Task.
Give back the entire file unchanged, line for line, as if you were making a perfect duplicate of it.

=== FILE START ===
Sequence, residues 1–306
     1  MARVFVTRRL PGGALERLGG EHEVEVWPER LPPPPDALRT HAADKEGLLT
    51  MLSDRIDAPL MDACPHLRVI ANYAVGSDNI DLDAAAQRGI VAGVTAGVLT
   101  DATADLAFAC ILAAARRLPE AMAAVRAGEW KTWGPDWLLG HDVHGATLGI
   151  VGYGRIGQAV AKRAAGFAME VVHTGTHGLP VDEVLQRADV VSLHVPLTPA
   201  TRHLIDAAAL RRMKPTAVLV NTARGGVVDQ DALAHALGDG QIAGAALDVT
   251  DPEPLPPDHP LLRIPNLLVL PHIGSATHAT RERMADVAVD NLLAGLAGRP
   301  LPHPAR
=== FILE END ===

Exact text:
Sequence, residues 1–306
     1  MARVFVTRRL PGGALERLGG EHEVEVWPER LPPPPDALRT HAADKEGLLT
    51  MLSDRIDAPL MDACPHLRVI ANYAVGSDNI DLDAAAQRGI VAGVTAGVLT
   101  DATADLAFAC ILAAARRLPE AMAAVRAGEW KTWGPDWLLG HDVHGATLGI
   151  VGYGRIGQAV AKRAAGFAME VVHTGTHGLP VDEVLQRADV VSLHVPLTPA
   201  TRHLIDAAAL RRMKPTAVLV NTARGGVVDQ DALAHALGDG QIAGAALDVT
   251  DPEPLPPDHP LLRIPNLLVL PHIGSATHAT RERMADVAVD NLLAGLAGRP
   301  LPHPAR